I remember a situation a few years back where someone had taken an erotic short story and rewritten it in their own words, but kept everything else about the story the same. (I honestly thought the rewrite was better, but that’s just me.) It wasn’t a copyright violation. It wasn’t a trademark violation. But it didn’t matter because it upset a large pool of authors who made it their mission to go after that author until the book was taken down. (And the author name probably permanently blackballed.)

There was another situation a few years back related to an author who’d done very well in urban fantasy and then someone came along and published a book that basically copied the intent and format of their blurb, named the main character after the other author, and copied elements of the other author’s book. Once again, lots and lots of uproar over that one. It didn’t destroy the second author’s career, but it certainly blackened their name. I looked just now to see if there was a lawsuit filed and am not finding anything, although I know the first author did discuss doing so and that their publisher’s legal team was involved but I can’t even find discussion of it now, so I assume that one was settled as well.

Heck, I’ve run into this one myself where someone took a blurb on one of my books and basically switched the words around just enough to not be copying what I’d said while still saying the exact same thing. If I’d had a big, voracious following for that book it would’ve been ugly for the person who did that. Because I didn’t they just got the side-eye from me.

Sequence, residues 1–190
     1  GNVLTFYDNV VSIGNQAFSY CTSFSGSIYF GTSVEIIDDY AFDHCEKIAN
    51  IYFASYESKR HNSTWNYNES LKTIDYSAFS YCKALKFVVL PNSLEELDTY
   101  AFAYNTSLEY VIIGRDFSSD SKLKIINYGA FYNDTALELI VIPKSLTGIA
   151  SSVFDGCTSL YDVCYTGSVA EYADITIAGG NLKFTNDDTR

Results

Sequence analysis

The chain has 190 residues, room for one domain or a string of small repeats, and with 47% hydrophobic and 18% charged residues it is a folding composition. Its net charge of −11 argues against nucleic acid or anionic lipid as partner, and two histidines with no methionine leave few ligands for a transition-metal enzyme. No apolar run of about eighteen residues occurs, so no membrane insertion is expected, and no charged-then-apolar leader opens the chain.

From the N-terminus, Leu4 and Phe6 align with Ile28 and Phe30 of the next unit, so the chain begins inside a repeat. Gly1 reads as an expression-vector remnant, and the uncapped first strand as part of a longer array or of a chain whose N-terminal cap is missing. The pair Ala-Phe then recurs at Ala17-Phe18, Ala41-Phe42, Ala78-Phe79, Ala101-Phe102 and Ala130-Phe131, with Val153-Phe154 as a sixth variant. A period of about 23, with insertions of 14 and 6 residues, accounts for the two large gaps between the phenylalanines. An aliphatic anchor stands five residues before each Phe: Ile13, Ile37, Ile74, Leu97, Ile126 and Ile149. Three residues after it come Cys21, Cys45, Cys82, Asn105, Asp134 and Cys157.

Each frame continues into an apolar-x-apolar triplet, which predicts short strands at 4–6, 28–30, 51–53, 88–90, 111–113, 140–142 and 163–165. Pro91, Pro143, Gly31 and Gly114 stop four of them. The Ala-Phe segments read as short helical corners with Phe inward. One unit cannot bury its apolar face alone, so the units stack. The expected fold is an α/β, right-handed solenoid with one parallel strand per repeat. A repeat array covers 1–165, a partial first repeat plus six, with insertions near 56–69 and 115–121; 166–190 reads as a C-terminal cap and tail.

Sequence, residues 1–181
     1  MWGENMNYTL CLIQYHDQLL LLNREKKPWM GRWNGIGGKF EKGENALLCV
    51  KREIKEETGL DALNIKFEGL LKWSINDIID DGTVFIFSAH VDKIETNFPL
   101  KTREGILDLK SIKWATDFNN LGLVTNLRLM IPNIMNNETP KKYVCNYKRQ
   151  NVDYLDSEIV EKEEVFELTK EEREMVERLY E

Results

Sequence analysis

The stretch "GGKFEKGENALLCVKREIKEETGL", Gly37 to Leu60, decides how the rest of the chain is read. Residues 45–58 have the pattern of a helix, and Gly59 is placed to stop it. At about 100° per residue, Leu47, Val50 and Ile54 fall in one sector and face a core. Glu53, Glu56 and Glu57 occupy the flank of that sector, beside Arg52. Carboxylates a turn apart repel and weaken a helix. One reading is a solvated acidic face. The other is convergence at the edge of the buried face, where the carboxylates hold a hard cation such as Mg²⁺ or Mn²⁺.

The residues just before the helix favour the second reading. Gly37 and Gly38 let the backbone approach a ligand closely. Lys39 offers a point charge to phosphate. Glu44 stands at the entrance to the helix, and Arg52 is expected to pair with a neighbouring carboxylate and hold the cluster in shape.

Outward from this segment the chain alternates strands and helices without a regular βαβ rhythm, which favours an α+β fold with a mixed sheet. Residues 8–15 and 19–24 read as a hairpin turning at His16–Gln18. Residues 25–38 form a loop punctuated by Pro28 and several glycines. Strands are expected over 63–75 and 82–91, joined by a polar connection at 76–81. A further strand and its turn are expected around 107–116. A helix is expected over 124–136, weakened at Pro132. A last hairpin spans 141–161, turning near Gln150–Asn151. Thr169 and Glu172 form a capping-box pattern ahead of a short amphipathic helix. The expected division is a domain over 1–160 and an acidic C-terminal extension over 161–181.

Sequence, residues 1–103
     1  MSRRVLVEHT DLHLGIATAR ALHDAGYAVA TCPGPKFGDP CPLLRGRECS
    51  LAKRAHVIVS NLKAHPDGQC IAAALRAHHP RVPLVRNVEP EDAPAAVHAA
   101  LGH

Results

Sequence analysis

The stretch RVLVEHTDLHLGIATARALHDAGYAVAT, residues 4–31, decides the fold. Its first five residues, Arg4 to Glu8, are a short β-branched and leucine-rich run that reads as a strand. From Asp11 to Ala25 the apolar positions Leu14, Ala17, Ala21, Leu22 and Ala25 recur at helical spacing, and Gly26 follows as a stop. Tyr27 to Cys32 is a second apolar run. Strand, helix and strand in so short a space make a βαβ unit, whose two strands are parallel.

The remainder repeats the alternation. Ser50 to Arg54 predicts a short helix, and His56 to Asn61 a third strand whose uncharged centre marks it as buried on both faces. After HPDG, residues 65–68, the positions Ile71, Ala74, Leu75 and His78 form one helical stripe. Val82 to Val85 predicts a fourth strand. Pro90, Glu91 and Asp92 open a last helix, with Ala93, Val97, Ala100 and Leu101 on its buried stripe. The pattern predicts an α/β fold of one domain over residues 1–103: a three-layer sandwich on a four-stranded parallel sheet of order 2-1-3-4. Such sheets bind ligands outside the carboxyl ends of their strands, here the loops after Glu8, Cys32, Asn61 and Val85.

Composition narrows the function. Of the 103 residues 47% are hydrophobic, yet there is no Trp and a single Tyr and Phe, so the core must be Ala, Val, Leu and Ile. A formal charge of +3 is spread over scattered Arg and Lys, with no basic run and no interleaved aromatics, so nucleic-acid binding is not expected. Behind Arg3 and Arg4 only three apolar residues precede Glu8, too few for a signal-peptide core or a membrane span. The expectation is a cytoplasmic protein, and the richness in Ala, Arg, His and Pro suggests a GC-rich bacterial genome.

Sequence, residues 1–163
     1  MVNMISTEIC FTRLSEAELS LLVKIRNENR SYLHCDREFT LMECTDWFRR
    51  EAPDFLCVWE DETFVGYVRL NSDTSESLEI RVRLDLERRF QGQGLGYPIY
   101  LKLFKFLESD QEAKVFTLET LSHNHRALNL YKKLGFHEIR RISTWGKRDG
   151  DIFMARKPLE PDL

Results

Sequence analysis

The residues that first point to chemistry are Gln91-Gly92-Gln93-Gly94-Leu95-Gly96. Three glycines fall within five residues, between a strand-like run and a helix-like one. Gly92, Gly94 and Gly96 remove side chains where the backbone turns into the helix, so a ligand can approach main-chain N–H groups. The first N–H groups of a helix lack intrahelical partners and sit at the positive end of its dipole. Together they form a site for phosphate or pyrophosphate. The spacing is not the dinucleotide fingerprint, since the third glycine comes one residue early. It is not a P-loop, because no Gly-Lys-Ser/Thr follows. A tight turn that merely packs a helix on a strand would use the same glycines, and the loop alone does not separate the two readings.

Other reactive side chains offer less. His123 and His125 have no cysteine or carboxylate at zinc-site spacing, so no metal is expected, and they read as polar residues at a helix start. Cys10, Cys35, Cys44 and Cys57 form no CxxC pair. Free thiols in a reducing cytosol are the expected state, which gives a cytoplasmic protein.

So bottom line for an author: Legally it’s going to come down to copyright, trademark, or, as Dave mentioned in the other post, moral rights. Ethically and in the court of public opinion it’s probably best to find your inspiration from a wide enough variety of sources that your book doesn’t look like a thinly veiled copy of another’s work.

A Little Lesson on Copyright

I just saw someone who should know better ask if a work becomes public domain (i.e., available for anyone to publish and make money from) if an author markets that work without registering the copyright with the copyright office.

NO.

I put that in large, bolded letters because that comment was horrifying to me. That’s the kind of comment that leads to an author stealing another author’s work and not understanding what they’ve just done.

So let’s talk copyright real quick.

First, at least in the U.S., the official source of information on this is the U.S. Copyright Office. Here’s a nice FAQ they have available. If you are a creator of any sort of artistic work, read it. If you intend to sell any sort of artistic work, read it. If you want to share someone else’s artistic work, read it.